A reader writes: “I’m a foreigner in a long-term same-sex relationship with a Japanese national. The deed to our house is registered in the name of the Japanese national. Is it possible to have my name put on the deed so that I am not rendered homeless should my partner not survive me? A rather cold reality to think about but . . .

“As well, is there anything we can do about our bank accounts? I am the saver in the relationship, so if I go first, how can my partner access this money?”

You can register as an owner of the house if you buy a certain portion of the property from your partner or your partner gives it to you as a gift. However, you should bear in mind the range of taxes levied in these types of transactions. If you buy part of the house, the seller (in this case, your partner) could be subjected to a land transfer tax. Conversely, if you receive it as a gift, you would have to pay a gift tax. The rate of this tax could be as high as 50 percent, depending on the value of the gift. In addition, a registration license tax is levied when any changes are made to the deeds of the property. And if the sale price is lower than the market rate, the transaction could be regarded as a gift by the tax office.

Of course, your partner could leave the house to you in a will (yuigon). In this case, the recipient (you) would have to pay inheritance tax, but generally speaking this would be much lower than the gift tax.

On the other hand, in such situations there is the issue of iryūbun (the “legally reserved portion,” or what you might call the “heirs’ share”) to consider. According to Articles 887-890 of the Civil Code, if your partner is survived by statutory heirs, these individuals are entitled to a portion of the deceased’s assets. By statutory heirs, the law means a current spouse, children or, in cases where the deceased was childless, his/her parents. These are the family members who would inherit all of the deceased’s assets in the event that he/she hadn’t made a will. They are also entitled to iryūbun even if they are not written into the will. (Siblings are also considered statutory heirs if the deceased was childless. They can claim a share of the assets if no will was written, but they are not entitled to iryūbun.)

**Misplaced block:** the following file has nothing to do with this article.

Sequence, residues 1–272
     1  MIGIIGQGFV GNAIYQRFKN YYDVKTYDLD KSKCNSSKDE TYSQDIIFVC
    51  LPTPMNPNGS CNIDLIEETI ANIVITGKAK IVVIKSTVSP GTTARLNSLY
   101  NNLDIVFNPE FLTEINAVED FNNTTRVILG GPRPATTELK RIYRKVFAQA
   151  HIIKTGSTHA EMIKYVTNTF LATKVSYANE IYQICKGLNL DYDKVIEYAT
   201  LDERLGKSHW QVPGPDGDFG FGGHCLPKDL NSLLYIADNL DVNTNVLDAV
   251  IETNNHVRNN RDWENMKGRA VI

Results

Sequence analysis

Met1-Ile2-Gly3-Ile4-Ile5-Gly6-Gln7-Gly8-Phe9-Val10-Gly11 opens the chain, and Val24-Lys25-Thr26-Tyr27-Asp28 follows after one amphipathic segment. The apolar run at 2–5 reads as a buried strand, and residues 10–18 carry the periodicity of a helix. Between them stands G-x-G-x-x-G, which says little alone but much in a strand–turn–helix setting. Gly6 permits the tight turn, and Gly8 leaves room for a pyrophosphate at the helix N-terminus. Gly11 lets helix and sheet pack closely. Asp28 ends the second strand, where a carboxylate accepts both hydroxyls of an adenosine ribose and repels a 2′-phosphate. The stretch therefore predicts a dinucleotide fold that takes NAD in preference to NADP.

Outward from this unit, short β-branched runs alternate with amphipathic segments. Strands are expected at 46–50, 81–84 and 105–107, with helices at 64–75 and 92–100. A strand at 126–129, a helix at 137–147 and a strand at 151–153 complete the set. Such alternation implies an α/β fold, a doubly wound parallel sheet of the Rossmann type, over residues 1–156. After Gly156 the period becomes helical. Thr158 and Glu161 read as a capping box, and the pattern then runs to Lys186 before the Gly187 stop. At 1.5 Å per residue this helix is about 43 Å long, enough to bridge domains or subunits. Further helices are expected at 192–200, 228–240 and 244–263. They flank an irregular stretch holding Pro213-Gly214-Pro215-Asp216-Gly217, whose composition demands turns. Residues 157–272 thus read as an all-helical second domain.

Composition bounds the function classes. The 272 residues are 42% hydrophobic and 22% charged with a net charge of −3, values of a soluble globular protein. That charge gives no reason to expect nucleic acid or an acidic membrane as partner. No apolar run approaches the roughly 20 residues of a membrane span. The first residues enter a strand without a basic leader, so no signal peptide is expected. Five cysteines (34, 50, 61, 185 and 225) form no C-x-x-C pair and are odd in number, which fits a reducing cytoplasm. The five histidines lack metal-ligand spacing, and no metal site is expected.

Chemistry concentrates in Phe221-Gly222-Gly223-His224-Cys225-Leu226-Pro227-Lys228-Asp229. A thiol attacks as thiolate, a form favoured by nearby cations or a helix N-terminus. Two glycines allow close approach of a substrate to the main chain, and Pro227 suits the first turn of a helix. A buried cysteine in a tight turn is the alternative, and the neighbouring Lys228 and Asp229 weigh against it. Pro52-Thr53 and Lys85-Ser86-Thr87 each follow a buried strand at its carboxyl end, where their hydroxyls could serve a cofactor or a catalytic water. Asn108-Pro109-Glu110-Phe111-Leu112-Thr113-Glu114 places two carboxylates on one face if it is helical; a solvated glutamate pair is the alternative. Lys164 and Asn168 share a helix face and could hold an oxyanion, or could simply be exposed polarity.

For example, suppose you are given all of your partner’s assets in the will, but he has a son, his only statutory heir. In this case, if the son were to choose to exercise his right to his heir’s share, you may be required to hand over half of the assets — or cash to the value of half of the assets — to him. Even if they are left out of the will, children and/or a spouse are entitled to claim half of the deceased’s assets between them.

As another example, let’s say your partner is survived by his mother and father. In the case of spouses and children, the iryūbun portion is a half, whereas parents are entitled to a smaller total share of one-third. Even if the parents were to claim for iryubun, this would leave you with two-thirds of your partner’s assets if, God forbid, the worst came to the worst. Such claims would be barred if more than a year had elapsed since the heir(s) learned of the death or the existence of the deceased’s assets.

With regard to a bank account, joint accounts are not offered by major Japanese banks. If you were to bequeath your money to your partner in a will, he would of course then be able to access the account.

You may want to analyze your case from both the legal and tax perspectives to decide what works best for you.

Masami Kittaka is an attorney with the Foreigners and International Service Section at Tokyo Public Law Office, which handles a wide range of cases involving foreigners in the Tokyo area (www.t-pblo.jp/fiss) Phone: (03) 6809-6200. Send your questions to lifelines@japantimes.co.jp

In a time of both misinformation and too much information, quality journalism is more crucial than ever.
By subscribing, you can help us get the story right.